Sunday, February 14, 2016
“A Survey Of Language And Culture: Linguistic Anthropology And Cross-Cultural Communication”
Mike Findlay, longtime Butte College anthropology instructor (and my colleague), is a man full of liver. As he points out in his new textbook, while the reference doesn’t make sense to most English speakers, for many in Asia “the liver is associated metaphorically with life because it filters harmful substances.” Those in the US might instead refer to the heart. Such “lexical choice” is made within a cultural context. And that’s what Findlay explores.
“A Survey Of Language And Culture: Linguistic Anthropology And Cross-Cultural Communication” ($64.95 in paperback from Cognella Academic Publishing, bit.ly/1KdNG9T; also at select libraries) is accessible to the general reader. (Disclosure: I formatted an earlier version of the book.) Linguistic anthropology looks not only at physical aspects of human language (fricatives and palatals and plosives, oh my!), but also language and the development of writing and how language and culture interact.
It’s clear, Findlay writes, that there is no “primitive” language, one that lacks complexity or subtlety. The book is replete with case studies, not only about the complexity of language, but the challenges one culture faces in “decoding” another.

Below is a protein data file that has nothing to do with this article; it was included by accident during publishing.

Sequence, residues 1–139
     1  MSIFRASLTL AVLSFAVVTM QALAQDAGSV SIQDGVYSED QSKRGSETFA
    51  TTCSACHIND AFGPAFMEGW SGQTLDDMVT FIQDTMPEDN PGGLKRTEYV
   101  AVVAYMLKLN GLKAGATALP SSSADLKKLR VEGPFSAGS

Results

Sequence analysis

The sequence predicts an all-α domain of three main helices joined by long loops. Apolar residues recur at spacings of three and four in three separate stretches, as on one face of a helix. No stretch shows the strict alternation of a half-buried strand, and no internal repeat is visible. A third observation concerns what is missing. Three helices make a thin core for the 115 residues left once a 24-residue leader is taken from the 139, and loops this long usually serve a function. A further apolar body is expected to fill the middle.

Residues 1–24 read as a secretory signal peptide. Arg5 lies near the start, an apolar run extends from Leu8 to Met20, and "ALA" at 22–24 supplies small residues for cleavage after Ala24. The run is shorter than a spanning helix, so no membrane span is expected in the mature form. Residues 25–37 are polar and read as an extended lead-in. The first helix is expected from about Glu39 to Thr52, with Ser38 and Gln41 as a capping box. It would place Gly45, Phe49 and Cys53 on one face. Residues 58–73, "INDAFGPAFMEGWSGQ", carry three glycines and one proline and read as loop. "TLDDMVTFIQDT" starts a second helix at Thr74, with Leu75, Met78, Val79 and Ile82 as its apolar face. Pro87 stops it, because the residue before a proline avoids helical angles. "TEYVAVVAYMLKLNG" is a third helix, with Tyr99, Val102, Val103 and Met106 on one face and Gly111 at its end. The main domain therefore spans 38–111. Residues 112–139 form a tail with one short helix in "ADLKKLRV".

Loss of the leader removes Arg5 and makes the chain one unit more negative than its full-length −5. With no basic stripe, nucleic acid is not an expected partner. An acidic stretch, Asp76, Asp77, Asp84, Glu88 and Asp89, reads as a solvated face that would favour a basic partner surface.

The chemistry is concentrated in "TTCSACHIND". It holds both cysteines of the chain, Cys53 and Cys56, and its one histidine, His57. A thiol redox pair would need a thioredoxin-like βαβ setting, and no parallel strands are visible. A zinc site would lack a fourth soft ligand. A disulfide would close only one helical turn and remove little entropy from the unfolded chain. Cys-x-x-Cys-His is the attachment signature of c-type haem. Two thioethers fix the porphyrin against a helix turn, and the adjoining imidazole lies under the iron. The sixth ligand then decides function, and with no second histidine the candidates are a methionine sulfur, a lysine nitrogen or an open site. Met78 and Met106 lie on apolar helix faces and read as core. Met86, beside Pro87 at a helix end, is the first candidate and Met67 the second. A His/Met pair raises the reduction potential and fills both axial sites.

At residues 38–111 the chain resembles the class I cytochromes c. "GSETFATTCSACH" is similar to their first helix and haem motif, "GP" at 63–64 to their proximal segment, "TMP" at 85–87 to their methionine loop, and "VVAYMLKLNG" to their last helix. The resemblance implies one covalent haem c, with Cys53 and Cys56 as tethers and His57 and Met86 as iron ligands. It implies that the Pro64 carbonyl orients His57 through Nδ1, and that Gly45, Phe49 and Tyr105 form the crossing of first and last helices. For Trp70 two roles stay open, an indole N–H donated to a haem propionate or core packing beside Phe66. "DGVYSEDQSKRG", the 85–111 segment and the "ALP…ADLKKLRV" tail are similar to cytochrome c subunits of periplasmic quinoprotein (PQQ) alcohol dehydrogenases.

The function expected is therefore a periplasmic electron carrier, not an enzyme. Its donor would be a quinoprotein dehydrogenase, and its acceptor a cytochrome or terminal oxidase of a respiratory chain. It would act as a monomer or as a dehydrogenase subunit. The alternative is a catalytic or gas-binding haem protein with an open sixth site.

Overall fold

“On one occasion I observed a student teacher working with four Hmong girls” who were learning English. At one point the teacher decided to introduce a math question and asked the girls which they’d rather have, one-third of a dozen cookies or two-thirds. The students, who didn’t realize it was a math question, said they wanted one-third. The teacher was perplexed. Did the students not understand that two-thirds is bigger than one-third? Of course they did, but “the original question had asked the girls for their preference…. For the Hmong, taking the larger amount is considered rude.”
Another example: Languages that depend on “pitch, tone, stress, sound duration, pause, and silence can cause misinterpretations. For instance, in some parts of China a mere conversation can be loud—even boisterous—to a point where outsiders might think that an argument is taking place.”
The upshot for Findlay is that “the importance of recognizing that language is culturally patterned brings us to the heart (or liver) of this overall discussion.” Findlay is an illuminating guide.